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Ex parte M.M.S.

Alabama Court of Civil Appeals

March 30, 2018

Ex parte M.M.S. In re: In the matter of the adoption petition of E.S.H. and S.M.H. Ex parte M.M.S. In re: In the matter of the adoption petition of E.S.H. and S.M.H.

          Calhoun Probate Court, Probate Nos. 2017-181, 2017-182

         On Application for Rehearing

          PETITION FOR WRIT OF MANDAMUS

          THOMPSON, PRESIDING JUDGE.

         This court's opinion of February 2, 2018, is withdrawn, and the following is substituted therefor.

         M.M.S. ("the mother") petitions this court for writs of mandamus directing the Calhoun Probate Court ("the probate court") to vacate its interlocutory decrees of May 9, 2017, regarding custody of her two minor children ("the children") and to vacate its interlocutory orders of May 15, 2017, barring removal of the children from the probate court's jurisdiction or from Lee County, where the children live with their foster parents, E.S.H. and S.M.H. ("the foster parents"). The mother also challenges the probate court's jurisdiction to enter the May 9, 2017, decrees and May 15, 2017, orders.

         The materials before this court indicate the following. On June 12, 2015, the Calhoun Juvenile Court ("the juvenile court") entered orders finding the children dependent and placing the children in shelter care pursuant to the allegations of the Calhoun County Department of Human Resources ("DHR") that the children were dependent. The reason for the dependency finding is not included in the materials before us. According to the mother's mandamus petitions, DHR then placed the children with the foster parents. The children have been residing with the foster parents since June 2015. DHR has retained legal custody of the children since the shelter-care orders were entered.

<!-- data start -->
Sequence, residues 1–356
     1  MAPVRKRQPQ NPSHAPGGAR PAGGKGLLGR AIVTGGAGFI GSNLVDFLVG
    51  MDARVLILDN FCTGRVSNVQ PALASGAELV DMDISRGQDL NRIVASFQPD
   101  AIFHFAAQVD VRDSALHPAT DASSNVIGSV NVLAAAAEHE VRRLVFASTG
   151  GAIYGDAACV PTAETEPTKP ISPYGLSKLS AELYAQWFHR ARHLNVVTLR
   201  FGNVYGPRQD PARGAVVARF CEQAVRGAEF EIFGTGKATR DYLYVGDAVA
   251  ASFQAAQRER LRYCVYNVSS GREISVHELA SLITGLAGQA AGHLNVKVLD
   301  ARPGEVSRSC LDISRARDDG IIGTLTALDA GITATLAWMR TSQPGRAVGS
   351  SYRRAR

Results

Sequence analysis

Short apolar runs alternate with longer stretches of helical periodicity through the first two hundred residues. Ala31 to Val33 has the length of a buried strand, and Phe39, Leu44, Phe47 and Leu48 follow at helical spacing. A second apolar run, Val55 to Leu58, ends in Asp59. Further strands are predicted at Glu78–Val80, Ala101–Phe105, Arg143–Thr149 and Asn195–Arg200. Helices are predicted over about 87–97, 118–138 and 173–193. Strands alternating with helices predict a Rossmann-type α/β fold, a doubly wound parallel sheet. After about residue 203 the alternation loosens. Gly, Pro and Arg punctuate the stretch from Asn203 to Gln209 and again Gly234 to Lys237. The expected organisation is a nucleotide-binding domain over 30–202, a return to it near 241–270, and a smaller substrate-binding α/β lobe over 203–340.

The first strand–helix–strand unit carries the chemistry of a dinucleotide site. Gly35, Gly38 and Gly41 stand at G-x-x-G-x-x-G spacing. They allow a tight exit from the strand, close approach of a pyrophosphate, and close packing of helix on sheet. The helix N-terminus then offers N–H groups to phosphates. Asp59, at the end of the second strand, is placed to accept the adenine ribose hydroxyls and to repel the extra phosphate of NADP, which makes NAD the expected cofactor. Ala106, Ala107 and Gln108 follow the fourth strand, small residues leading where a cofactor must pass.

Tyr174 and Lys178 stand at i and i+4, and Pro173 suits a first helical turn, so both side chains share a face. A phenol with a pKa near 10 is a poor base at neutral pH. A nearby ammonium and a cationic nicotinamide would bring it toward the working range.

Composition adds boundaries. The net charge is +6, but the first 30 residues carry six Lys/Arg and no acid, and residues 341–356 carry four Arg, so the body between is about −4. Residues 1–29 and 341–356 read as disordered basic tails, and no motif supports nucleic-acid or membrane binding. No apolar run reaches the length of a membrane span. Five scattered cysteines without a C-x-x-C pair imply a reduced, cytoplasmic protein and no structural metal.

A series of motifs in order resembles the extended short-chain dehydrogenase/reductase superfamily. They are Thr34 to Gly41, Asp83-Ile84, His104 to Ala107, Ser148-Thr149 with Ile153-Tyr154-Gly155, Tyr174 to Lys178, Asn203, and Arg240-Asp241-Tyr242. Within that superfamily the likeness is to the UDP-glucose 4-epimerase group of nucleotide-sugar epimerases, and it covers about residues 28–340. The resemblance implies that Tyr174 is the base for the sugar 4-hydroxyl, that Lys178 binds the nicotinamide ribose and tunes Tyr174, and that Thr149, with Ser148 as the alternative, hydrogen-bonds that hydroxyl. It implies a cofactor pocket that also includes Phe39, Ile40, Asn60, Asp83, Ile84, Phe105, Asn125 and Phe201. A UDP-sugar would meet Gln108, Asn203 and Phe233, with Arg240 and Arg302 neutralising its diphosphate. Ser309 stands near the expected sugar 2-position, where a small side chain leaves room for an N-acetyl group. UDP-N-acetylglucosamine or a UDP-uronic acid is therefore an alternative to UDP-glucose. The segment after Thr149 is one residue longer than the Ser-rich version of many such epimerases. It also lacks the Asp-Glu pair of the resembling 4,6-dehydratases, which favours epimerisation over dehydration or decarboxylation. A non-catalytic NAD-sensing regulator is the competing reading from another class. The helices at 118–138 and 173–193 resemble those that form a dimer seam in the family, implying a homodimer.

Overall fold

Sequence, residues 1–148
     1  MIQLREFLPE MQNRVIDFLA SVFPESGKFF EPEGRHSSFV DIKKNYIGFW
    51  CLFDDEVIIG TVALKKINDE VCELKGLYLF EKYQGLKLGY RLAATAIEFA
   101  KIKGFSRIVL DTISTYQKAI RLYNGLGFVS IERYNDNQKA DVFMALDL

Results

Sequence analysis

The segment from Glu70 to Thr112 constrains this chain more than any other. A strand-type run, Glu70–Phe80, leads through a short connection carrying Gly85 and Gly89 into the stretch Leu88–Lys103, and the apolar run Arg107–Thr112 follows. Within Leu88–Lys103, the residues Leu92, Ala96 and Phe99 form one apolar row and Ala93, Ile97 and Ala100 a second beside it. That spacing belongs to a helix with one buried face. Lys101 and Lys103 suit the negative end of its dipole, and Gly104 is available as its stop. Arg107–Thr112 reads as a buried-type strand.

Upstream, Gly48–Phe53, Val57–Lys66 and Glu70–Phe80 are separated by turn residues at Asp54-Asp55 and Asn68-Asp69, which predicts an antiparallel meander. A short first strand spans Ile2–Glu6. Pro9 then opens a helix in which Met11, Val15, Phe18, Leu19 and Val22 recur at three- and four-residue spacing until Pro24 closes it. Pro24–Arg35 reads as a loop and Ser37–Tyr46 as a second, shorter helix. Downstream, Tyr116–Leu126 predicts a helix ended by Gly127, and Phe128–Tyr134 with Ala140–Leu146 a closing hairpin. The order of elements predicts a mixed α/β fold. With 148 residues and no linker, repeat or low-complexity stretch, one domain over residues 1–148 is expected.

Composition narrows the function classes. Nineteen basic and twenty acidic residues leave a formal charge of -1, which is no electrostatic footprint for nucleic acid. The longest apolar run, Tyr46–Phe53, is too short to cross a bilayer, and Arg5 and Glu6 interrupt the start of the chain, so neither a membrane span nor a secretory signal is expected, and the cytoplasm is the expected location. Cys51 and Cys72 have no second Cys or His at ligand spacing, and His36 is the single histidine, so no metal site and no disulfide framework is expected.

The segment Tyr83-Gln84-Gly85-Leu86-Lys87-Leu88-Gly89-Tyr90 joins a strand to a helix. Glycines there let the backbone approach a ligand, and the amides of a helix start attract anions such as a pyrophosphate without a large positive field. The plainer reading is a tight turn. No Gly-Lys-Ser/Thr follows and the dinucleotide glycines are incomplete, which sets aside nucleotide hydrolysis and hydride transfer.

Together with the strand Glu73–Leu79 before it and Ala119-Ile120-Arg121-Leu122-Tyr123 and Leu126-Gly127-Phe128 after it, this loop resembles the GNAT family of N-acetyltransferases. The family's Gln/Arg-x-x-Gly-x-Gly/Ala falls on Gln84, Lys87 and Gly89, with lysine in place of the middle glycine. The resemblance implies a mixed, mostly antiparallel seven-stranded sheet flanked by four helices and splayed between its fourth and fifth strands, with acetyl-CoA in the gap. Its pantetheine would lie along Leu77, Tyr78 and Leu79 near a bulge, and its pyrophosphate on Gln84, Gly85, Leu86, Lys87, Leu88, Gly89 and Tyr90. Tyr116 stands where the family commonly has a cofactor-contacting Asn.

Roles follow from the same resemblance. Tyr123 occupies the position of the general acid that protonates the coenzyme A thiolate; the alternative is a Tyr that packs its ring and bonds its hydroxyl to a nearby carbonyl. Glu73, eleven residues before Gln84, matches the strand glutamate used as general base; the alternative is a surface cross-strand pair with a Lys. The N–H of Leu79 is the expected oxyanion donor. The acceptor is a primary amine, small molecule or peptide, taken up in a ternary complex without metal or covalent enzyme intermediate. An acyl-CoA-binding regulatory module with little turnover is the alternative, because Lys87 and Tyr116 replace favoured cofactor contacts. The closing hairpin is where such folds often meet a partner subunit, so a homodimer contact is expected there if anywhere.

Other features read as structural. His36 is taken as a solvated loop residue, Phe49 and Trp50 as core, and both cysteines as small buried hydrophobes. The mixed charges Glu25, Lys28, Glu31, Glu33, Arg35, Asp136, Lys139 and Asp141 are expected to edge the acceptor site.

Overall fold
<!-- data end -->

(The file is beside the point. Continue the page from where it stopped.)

On October 26, 2016, the children's guardian ad litem filed in the juvenile court a petition for the termination of the mother's parental rights to the children ("the termination petition").[1] Subsequently, DHR sought to remove the children from foster care and place them with a relative in Texas, effective in May 2017. On May 8, 2017, the foster parents filed in the probate court a petition for adoption for each of the children. The adoption petitions indicated that "dependency/custody/termination of parental rights proceedings" were pending in the juvenile court and that, pursuant to orders of the juvenile court, DHR had legal custody of the children. The adoption petitions also indicated that there was no "placing agency" in these cases.[2]

         On May 9, 2017, the probate court entered an interlocutory decree for each child, awarding custody of each child to the foster parents. On May 15, 2017, the probate court entered an interlocutory order for each child directing that each child "shall not be removed from the jurisdiction of [the probate] court except as to their current residence in Lee County, Alabama."